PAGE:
Advice in Picking a Career
August 18, 2009 8:30 AM   Subscribe

I have two options for my (budding) career, help me decide which one is better.

I realize you guys are going to be working with limited information, but I'll try to give you as much as I can.

Live, study and work in the Caribbean, have a Bachelor's in Computer Science. Worked for just a couple years in IT, then decided to move and do my MBA (within the region). Almost done and I'm pretty much a straight-A student.

During my MBA I decided I was no longer interested in pursuing a career in IT, but was really interested in Finance, and was considering doing the CFA, as my MBA also provided a pretty good foundation for that. Also it would be pretty marketable and I could potentially live and work in quite a few different countries if I desired.

However, I then landed an internship at a large multilateral organization, where I help in project design, evaluation, research, report-writing for projects, that sort of work. I've realized that I really enjoy doing it, and I would get the opportunity to work in many different countries doing what I enjoy. I also get to network a lot here, meet new people, etc.

The thing is however, I'll have to give up my current job in about 6 months to move to North America (regretful, cannot be avoided). I can always come back to the Caribbean in 3 years, with better qualifications and more experience. My aim is to work at one of the multilaterals that operate in the region, because I enjoy being involved in any aspect of developmental work.

So I have 2 paths in front of me.

1. Should I do the CFA, or another Masters/PhD in Finance while seeking jobs in that area?

2. Study Developmental Economics/Project Management while seeking jobs in this area?

I realize that right now it's probably not the best time to be looking for a job in Finance (understatement), but also it is very competitive to work in one of the multilaterals that are involved in developmental work.

Without sounding too full of myself, I find that when I give 100% I can do very well at my studies, and my work, and this is recognized by my colleagues. I am pretty ambitious, single, debt-free right now, and think that if I chose a career, while I'm not in the 99th percentile, I do think with hard work I could manage 90-95th percentile.

Any advice would be very appreciated.
posted by althanis to Work & Money (3 answers total) 1 user marked this as a favorite
Another option is that you could sort of split the difference - multilaterals need finance expertise, too. Internal audit of international organization might be something to consider. And finance and MBA degrees are definitely desirable in microfinance institutions and microfinance-focused organizations (Accion International, for example). Georgetown might be a good place to start looking at degree programs, or talking to folks about options for your career. Good luck!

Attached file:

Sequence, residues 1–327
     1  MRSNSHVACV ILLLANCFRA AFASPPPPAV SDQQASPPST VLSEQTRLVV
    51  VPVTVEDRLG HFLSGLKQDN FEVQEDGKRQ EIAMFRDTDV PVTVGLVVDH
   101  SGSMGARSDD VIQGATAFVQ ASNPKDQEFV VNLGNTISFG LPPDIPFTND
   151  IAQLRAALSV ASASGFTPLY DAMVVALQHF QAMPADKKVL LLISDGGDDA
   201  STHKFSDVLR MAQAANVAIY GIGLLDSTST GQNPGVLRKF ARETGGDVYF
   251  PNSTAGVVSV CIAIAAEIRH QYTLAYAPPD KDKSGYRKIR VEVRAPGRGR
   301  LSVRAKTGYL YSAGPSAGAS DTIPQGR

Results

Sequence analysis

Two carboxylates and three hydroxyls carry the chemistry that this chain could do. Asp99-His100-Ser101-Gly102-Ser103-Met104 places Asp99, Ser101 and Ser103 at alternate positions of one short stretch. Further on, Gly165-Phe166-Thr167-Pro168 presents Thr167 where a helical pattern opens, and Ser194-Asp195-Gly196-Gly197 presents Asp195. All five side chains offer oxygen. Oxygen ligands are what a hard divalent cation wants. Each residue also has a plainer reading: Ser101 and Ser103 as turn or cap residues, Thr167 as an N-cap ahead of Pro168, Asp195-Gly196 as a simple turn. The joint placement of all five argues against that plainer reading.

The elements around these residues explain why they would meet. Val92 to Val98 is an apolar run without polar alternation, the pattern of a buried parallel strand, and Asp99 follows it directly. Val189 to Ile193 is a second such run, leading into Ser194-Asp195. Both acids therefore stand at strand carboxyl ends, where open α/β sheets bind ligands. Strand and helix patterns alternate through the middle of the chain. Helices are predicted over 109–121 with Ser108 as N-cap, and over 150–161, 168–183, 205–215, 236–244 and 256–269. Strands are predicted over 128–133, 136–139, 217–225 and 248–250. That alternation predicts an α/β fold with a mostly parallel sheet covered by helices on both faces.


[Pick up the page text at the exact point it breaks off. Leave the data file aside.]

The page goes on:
posted by EvaDestruction at 9:54 AM on August 18, 2009

Since you've discovered that you enjoy the development work, I'd incline toward that path. Everybody wants enjoyment in their work. Why not go with the path that you're enjoying?
posted by kristi at 10:06 AM on August 18, 2009

From my experience in business in the Carribbean (principally in Haiti, DR, Jamaica, Puerto Rico, St. Kitts and Trinidad/Tabago), I'd observe that development projects are ultimately heavily influenced by politics and then by initial funding sources, if external funding is needed. As time goes on, if you were to progress in development work, you would, simply by experience and seniority, be called upon to work in situations where an understanding of political leadership was a more vital part of the job, than financial acumen, or management capability. So, you have to think about that, in terms of staking out a career in economic development.

In my experience, finance offers more alternatives for career over a lifetime. Also, it is possible to achieve real prominence as a financier, while remaining remarkably apolitical, given the real power that the ability to direct money flows confers. Yet, if you choose a career in finance, you will always look at economic development more through a lens of money, in terms of feasibility and worth, than through human life improvement, and the politics/economics thereof.

For the variety of career experiences available to you with the right education, and the insulation from the often irrational political process, if I enjoyed the study of finance, I would pursue additional training in finance, and build a career from there.
posted by paulsc at 10:10 AM on August 18, 2009

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